Page from a scrapbook showing fashions from 1926 including a scalloped-hem cocktail dress named ‘Aurora’ made from black georgette, embroidered in sequins and beads. (Worthing Museum and Art Gallery)

Page from a scrapbook showing fashions from 1927 including a style named ‘Julia’, which is described as a ready-to-wear tailored suit in the newest shades of Saxony and melange. (Worthing Museum and Art Gallery)

Page from a scrapbook showing fashions from 1928 with attractive walking coats and a colour illustration of a narrow-striped sweater in shades of green with front hip patch pockets. (Worthing Museum and Art Gallery)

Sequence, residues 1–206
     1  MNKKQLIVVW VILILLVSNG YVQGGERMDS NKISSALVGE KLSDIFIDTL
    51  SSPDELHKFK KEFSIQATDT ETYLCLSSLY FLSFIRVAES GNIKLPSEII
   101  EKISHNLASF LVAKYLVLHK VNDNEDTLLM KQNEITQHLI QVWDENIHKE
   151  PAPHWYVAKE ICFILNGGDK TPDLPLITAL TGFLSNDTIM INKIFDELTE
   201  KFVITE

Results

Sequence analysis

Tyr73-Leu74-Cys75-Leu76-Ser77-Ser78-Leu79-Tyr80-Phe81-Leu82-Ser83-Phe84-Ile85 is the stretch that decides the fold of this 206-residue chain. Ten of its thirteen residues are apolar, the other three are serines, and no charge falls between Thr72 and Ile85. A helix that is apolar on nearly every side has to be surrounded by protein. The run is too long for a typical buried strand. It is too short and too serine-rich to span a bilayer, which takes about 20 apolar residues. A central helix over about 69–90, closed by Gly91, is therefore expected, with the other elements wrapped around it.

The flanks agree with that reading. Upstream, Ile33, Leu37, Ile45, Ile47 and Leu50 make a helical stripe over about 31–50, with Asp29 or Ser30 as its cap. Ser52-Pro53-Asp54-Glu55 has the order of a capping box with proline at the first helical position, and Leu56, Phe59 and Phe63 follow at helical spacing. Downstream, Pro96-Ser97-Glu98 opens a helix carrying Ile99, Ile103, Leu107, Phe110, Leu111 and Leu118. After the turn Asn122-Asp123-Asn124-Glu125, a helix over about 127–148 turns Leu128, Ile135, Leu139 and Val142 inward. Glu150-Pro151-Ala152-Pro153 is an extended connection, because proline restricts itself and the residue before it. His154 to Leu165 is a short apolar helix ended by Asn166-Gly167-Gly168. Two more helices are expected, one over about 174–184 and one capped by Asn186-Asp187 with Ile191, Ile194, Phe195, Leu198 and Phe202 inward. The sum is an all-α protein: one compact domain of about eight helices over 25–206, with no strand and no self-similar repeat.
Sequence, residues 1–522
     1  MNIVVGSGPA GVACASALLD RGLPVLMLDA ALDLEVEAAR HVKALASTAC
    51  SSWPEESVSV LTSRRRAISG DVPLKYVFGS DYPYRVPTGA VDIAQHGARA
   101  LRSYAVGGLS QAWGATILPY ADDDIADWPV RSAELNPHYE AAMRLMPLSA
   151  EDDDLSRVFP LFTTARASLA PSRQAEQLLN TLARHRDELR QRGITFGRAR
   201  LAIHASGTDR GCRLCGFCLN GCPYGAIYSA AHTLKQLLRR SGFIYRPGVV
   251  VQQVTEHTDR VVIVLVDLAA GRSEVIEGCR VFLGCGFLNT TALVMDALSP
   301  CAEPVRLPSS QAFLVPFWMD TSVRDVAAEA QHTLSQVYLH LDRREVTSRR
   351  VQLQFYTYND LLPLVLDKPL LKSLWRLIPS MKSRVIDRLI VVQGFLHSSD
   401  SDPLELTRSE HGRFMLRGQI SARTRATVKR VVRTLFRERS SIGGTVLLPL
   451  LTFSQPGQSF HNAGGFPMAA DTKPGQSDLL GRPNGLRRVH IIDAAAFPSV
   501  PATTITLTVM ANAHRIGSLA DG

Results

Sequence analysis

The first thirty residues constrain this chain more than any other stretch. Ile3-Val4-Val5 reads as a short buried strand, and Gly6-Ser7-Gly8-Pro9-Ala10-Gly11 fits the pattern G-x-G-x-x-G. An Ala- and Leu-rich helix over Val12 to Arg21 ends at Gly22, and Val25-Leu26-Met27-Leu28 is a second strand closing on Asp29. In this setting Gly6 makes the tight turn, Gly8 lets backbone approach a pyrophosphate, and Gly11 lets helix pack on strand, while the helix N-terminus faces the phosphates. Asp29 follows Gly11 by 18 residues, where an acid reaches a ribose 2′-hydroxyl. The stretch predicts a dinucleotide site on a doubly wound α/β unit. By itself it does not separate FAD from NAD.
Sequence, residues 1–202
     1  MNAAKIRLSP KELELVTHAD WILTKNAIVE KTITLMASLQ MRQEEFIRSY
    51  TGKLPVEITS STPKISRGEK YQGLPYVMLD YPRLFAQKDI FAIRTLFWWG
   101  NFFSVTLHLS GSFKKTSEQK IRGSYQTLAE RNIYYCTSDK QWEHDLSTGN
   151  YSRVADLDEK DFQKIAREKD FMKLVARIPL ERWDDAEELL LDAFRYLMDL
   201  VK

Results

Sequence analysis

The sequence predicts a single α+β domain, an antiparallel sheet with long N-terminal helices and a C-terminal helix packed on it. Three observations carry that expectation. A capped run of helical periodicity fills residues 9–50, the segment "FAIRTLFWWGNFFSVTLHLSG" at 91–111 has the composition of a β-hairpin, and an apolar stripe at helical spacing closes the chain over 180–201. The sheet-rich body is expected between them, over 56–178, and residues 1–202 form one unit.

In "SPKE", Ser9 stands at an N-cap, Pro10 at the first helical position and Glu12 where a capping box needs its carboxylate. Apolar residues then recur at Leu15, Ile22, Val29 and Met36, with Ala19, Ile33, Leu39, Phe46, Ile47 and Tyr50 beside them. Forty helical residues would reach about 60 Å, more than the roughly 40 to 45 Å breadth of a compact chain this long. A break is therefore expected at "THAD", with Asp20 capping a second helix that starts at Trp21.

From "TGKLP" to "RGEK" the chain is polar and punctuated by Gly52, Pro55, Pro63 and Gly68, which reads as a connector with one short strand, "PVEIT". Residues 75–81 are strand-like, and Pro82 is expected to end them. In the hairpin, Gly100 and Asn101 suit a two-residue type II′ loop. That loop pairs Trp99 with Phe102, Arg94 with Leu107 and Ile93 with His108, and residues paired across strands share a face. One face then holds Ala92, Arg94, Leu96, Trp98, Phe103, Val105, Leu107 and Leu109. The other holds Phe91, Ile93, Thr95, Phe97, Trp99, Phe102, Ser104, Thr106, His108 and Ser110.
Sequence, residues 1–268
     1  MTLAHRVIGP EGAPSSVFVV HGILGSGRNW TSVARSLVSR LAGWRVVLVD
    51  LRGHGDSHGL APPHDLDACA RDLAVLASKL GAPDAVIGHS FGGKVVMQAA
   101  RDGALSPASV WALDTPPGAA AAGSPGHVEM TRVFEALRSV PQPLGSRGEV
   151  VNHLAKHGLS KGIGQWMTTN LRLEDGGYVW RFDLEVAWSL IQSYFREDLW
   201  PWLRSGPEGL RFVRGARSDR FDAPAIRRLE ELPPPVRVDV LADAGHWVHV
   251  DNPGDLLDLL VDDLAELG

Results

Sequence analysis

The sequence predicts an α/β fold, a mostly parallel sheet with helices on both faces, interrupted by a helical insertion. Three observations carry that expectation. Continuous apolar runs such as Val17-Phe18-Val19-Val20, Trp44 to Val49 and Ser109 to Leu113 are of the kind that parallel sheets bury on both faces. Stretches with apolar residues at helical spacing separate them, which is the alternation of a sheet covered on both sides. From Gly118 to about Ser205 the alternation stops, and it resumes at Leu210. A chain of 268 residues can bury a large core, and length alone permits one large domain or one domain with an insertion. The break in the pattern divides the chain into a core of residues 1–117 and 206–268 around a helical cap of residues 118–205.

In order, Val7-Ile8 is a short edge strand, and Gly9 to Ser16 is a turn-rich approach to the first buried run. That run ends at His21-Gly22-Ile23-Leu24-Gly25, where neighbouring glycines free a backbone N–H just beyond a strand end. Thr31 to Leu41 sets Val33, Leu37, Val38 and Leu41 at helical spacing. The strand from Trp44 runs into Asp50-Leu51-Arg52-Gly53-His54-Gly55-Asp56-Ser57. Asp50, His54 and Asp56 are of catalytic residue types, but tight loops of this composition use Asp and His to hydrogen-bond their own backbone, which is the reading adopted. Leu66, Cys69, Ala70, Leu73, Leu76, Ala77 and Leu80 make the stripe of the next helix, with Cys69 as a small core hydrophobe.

In the first page from 1920 the waistline of all garments is firmly situated just above the natural waist and the hemline is just below calf length. In 1923 there is a newspaper clipping discussing the anniversary of Vogue with an illustration of a matronly Edwardian woman facing a young flapper. It states, ‘Vogue was founded by Society for Society, thirty years ago, when ladies looked like the lady on the left and wouldn’t have considered the lady on our right a lady at all!’ In 1926 the scrapbook shows that the hemline was sitting just below the knee in three pictured day outfits. By 1927 the creator of the scrapbook was interested in smart tailored suits and her notes refer to the ‘high necks’ of blouses and ‘long sleeves’ of the jackets. In 1929, she features a couple of serious-looking men with some fashionably dressed women with the handwritten note, ‘observe the difference in the expressions of the unfortunates in the background – the payers, & the wearers!’ The scrapbook’s creator appears to have been a woman keeping up with fashion over a period of twenty-three years. As she matured the clothes became more formal and tailored. Her tastes were conventional but always fashionable.